11. "To acquire the full, persuasive, irresistible power of reality, man's . . . abstractions have to confront him in the form of concretes--i.e., in the form of art." Ayn Rand, "The Psycho-Epistemology of Art," in The Romantic Manifesto, 2nd rev. ed. (New York: Signet, 1975), 23. See also "Art and Cognition," ibid., 45, 73.

12. Immanuel Kant, Critique of Judgement (1790), translated by J. H. Bernard, excerpted in Kant: Selections, edited by Theodore Meyer Greene (New York: Scribner's, 1957), §49, p. 426.

13. Alexander Gottlieb Baumgarten, Reflections on Poetry, translation of Meditationes philosophicae de nonnullis ad poema pertinentibus (1734) by Karl Aschenbrenner and William B. Holther (Berkeley: University of California Press, 1954), §116.

14. "In its origins the term [aesthetics] has, of course, nothing to do with 'beauty.'. . . [T]here is no mention of 'beauty' in the Reflections." Translators' Introduction to Baumgarten's Reflections, 4. See also Nicholas Davey's emphasis on Baumgarten's concern with knowledge in A Companion to Aesthetics, edited by David E. Cooper (Oxford: Blackwell, 1992), s.v. "Baumgarten, Alexander (Gottlieb)."

15. Baumgarten, Reflections on Poetry, §139; quoting Horace's Ars Poetica.

16. Baumgarten, Reflections on Poetry, §§8-9.

17. Rand, "Psycho-Epistemology of Art," 20.

18. Gerald M. Edelman, Wider Than the Sky: The Phenomenal Gift of Consciousness (New Haven: Yale University Press, 2004).

19. "To acquire the full, persuasive, irresistible power of reality, man's metaphysical abstractions have to confront him in the form of concretes--i.e., in the form of art." Rand, "Psycho-Epistemology of Art," 23.

20. John Canaday, "The Collector: Origin and Examples of the Species" (New York Times, August 6, 1961), reprinted in Embattled Critic: Views on Modern Art (New York: Farrar, Straus, 1962), 181.

21. Ernst Cassirer, The Philosophy of the Enlightenment, translated by Fritz C. A. Koelln and James P. Pettegrove (Princeton University Press, 1951), 348.

22. See Torres and Kamhi, What Art Is, 134-146.

23. Ibid., 138-139.

24. The primary sources supporting this point are discussed in ibid., 144.

25. Edelman, "The Mechanisms of Consciousness," Chapter 5 of Wider than the Sky, 48-59.

26. Edelman, 135.

27. See Torres and Kamhi, "Postmodernism in the 'Visual Arts,'" Chapter 14 of What Art Is, 262-282 ; and Kamhi, "Anti-Art Is Not Art," Chapter 4 of Who Says That's Art?, 69-96.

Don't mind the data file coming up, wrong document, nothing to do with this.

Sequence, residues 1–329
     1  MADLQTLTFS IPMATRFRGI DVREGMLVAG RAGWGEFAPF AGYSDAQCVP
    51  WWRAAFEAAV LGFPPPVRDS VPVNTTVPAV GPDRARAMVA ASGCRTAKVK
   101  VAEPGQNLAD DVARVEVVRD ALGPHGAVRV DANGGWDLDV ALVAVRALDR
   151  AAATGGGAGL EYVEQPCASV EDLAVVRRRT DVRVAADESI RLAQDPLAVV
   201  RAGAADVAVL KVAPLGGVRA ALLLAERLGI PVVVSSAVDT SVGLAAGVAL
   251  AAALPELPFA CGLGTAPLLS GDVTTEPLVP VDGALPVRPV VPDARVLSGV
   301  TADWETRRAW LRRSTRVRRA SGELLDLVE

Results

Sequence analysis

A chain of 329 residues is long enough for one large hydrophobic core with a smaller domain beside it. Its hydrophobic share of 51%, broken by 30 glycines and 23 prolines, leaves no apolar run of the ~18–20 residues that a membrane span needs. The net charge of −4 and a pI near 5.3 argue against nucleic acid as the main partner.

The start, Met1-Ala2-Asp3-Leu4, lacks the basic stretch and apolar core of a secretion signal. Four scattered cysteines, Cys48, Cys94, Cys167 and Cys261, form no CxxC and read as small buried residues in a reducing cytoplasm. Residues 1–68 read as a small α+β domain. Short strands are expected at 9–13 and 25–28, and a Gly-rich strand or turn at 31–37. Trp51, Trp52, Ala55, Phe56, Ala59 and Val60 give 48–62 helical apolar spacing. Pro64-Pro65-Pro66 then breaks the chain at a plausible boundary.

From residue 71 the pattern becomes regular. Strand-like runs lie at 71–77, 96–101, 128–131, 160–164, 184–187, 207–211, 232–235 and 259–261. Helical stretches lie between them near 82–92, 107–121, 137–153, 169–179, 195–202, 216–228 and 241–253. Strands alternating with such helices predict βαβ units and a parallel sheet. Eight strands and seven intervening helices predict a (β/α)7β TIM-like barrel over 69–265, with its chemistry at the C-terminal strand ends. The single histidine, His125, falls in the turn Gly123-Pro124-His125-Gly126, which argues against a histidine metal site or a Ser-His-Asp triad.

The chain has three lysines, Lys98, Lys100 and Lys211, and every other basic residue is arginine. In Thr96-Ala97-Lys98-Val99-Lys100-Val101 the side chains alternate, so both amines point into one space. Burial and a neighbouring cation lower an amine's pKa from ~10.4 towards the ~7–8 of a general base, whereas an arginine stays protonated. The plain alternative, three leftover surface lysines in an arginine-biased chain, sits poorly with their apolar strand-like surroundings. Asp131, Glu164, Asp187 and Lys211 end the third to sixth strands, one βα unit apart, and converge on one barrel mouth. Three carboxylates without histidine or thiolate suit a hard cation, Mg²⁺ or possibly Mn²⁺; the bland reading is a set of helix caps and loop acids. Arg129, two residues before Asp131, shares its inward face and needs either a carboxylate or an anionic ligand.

28. Thomas McEvilley, The Triumph of Anti-Art: Conceptual and Performance Art in the Formation of Post-Modernism (Kingston, N.Y.: McPherson, 2005).

29. See, for example, Shiner, Invention of Art, 270.

30. Gerbrands (see note 31), for example, lamented that European artists and art lovers were concerned only with "aesthetic" qualities of work and showed "hardly any interest in [its] content" (135-136).

31. A.A. Gerbrands, Art as an Element of Culture, Especially in Negro-Africa (Leiden: E.J. Brill, 1957); Margaret Trowell, Classical African Sculpture (New York: Praeger, 1964); and Herbert M. Cole and Doran H. Ross, The Arts of Ghana (Museum of Cultural History, University of California, 1977).

32. Kamhi, Who Says That's Art?, 28-31.

33. Susan Vogel, Baule: African Art, Western Eyes (New Haven: Yale University Press, 1997), 270.

34. Regarding the goldweights, African scholar Kwame Anthony Appiah has noted that they "quite often" exhibit "amputations and excrescences" that seem "completely to destroy [their] aesthetic unity." Such non-aesthetic features are there, he observes, "because, after all, weight is a weight: and if it doesn't weigh the right amount, it can't serve its function." In the end, the "decorative elegance" of the goldweights was "an ornament, an embellishment, on an object that served a utilitarian function." "The Arts of Africa," New York Review of Books, April 24, 1997; quoted in Torres and Kamhi, What Art Is, 208-209.

35. "El Anatsui" (bio), Jack Shainman Gallery.

36. Mavis Vondee, "An Ensuing Debate on Conceptualism in Contemporary Ghanaian Art," Facebook.